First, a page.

This high-level session will explore new modalities for engagement by development actors in protracted and complex humanitarian crises, including where traditional modes of engagement with national authorities are not feasible. Donors, development and humanitarian organizations and policy experts will discuss what new mechanisms may be needed to sustain basic services over time in complex crises; what principled and effective engagement with local authorities and communities could look like in politically estranged contexts; and how development, humanitarian and political approaches can be combined to tackle to root drivers of protracted crisis while addressing people’s immediate needs.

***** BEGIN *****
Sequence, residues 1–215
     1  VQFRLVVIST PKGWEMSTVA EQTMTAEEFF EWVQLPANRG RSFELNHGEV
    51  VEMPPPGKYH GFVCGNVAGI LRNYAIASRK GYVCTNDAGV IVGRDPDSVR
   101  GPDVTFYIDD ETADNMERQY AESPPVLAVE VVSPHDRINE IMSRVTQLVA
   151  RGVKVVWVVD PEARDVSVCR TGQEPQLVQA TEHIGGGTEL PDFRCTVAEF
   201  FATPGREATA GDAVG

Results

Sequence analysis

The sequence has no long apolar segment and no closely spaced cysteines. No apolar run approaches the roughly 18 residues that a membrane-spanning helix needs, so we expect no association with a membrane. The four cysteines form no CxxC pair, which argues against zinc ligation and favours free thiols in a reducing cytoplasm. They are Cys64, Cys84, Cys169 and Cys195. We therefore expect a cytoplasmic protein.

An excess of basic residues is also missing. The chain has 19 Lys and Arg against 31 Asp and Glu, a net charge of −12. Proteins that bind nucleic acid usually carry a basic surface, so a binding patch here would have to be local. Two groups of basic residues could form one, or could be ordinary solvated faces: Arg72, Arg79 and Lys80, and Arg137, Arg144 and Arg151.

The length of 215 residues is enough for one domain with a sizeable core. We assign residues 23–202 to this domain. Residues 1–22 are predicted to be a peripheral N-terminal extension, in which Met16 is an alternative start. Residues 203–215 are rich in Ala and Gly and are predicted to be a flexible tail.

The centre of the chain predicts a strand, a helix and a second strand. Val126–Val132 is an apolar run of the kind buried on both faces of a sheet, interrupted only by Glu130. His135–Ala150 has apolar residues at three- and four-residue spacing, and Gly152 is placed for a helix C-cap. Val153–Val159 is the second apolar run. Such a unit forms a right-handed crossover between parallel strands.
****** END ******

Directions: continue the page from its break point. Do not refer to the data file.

This session aims to raise awareness of the humanitarian consequences of urban warfare, including of the use of Explosive Weapons in Populated Areas (EWIPA). It will discuss how to address the complex protection challenges of civilians and civilian infrastructure. In this context, it will debate the best practices to protect civilians and key infrastructure, both through preparedness and response. The session will also present concrete steps that need to be taken by various actors (states, donors, international organizations, civil society) in order to use the momentum created by the Political Declaration on EWiPA in November 2022 and contribute to its meaningful implementation, with regards to several aspects such as collecting data on harm, victims’ assistance, addressing the reverberating effects and protecting civilians through adapted military practices.